and slaves. The following return of taxable articles for that year
was given in.
of all ages and sexes.
not distinguished in the returns, but said to be titheable slaves.
5,126 wheels of riding-carriages.
There were no returns from the 8 counties of Lincoln, Jefferson, Fayette,
Monongalia, Yohogania, Ohio, Northampton, and York. To find the number
of slaves which should have been returned instead of the 23,766 titheables,
we must mention that some observations on a former census had given reason
to believe that the numbers above and below 16 years of age were equal.
The double of this number, therefore, to wit, 47,532 must be added to 211,698,
which will give us 259,230 slaves of all ages and sexes. To find
the number of free inhabitants, we must repeat the observation, that those
above and below 16 are nearly equal. But as the number 53,289 omits
the males between 16 and 21, we must supply them from conjecture.
On a former experiment it had appeared that about one-third of our militia,
that is, of the males between 16 and 50, were unmarried. Knowing
how early marriage takes place here, we shall not be far wrong in supposing
that the unmarried part of our militia are those between 16 and 21.
If there be young men who do not marry till after 21, there are as many
who marry before that age. But as the men above 50 were not included in
the militia, we will suppose the unmarried, or those between 16 and 21,
to be one-fourth of the whole number above 16, then we have the following
53,289 free males above 21 years of age.
17,763 free males between sixteen and twenty-one.
17,052 free males under sixteen.
142,104 free males of all ages.
284,208 free inhabitants of all ages.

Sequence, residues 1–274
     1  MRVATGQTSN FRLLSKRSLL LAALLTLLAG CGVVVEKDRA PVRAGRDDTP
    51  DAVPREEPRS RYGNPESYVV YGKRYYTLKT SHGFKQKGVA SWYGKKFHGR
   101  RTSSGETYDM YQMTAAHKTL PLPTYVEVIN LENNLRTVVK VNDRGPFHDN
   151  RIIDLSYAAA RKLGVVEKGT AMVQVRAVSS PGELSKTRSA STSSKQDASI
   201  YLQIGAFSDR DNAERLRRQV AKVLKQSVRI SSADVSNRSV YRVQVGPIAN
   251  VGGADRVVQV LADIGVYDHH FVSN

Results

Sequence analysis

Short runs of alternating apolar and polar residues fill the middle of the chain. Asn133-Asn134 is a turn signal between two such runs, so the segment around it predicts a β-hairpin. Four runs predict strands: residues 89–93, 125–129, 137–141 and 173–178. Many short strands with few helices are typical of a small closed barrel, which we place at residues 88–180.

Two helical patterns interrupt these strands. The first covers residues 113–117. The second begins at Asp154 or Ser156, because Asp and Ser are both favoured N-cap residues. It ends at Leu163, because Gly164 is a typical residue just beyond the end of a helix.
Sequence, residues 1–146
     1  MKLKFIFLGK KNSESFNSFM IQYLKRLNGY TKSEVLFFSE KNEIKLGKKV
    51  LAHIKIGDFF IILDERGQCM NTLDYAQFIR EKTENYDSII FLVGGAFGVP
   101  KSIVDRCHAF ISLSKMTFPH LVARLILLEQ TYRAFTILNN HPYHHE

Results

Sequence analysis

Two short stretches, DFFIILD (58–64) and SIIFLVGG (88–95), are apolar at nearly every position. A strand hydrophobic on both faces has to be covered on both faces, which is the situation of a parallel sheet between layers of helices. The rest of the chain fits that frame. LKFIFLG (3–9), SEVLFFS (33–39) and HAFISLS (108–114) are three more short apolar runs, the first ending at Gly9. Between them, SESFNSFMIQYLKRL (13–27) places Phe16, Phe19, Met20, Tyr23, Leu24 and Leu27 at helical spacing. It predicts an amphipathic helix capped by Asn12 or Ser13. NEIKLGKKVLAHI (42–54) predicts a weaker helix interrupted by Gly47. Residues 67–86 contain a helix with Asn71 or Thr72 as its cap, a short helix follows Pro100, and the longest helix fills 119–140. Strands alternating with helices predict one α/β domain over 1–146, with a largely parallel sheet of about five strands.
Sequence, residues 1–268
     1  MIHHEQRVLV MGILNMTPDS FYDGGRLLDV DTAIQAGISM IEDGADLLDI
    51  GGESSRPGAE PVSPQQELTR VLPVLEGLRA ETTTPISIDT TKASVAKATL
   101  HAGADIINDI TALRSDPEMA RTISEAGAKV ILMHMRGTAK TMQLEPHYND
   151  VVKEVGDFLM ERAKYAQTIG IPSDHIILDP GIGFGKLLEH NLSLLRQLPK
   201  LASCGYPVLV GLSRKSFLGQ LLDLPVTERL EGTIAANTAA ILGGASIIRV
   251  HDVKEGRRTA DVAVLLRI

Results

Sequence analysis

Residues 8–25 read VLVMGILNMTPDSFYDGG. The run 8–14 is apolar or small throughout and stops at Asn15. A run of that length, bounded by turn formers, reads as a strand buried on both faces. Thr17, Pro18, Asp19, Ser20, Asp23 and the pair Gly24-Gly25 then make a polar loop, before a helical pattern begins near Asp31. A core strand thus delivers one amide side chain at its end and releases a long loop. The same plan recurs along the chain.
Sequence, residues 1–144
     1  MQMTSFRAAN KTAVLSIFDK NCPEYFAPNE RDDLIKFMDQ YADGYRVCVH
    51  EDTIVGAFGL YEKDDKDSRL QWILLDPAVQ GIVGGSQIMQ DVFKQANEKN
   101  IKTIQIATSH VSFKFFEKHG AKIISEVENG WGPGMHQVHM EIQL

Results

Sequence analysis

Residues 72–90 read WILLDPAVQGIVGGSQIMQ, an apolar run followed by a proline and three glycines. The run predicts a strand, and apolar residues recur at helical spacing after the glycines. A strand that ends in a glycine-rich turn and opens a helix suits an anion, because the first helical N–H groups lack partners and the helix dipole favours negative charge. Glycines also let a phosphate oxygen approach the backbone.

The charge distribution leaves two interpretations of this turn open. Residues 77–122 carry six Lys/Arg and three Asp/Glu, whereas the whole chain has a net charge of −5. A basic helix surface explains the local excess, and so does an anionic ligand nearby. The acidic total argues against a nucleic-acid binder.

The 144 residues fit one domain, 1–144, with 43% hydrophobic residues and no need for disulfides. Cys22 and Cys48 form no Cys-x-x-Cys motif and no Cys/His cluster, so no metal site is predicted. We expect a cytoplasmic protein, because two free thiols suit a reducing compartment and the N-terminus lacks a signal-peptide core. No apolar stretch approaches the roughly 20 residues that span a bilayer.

259,230 slaves of all ages.
543,438 inhabitants, exclusive of the eight counties from which there were
no returns. In these 8 counties in the years 1779 and 1780 were 3,161 militia.
males above the age of 16.
12,644 free inhabitants
in these 8 counties. To find the number of slaves, say, as 284,208
to 259,230, so is 12,644 to 11,532. Adding the third of these numbers
to the first, and the fourth to the second, we have,
296,852 free inhabitants.
567,614 inhabitants of
every age, sex, and condition. But 296,852, the number of free inhabitants,
are to 270,762, the number of slaves, nearly as 11 to 10. Under the
mild treatment our slaves experience, and their wholesome, though coarse,
food, this blot in our country increases as fast, or faster, than the whites.
During the regal government, we had at one time obtained a law, which imposed
such a duty on the importation of slaves, as amounted nearly to a prohibition,
when one inconsiderate assembly, placed under a peculiarity of circumstance,
repealed the law. This repeal met a joyful sanction from the then
sovereign, and no devices, no expedients, which could ever after be attempted
by subsequent assemblies, and they seldom met without attempting them,
could succeed in getting the royal assent to a renewal of the duty.
In the very first session held under the republican government, the assembly
passed a law for the perpetual prohibition of the importation of slaves.
This will in some measure stop the increase of this great political and
moral evil, while the minds of our citizens may be ripening for a complete
emancipation of human nature.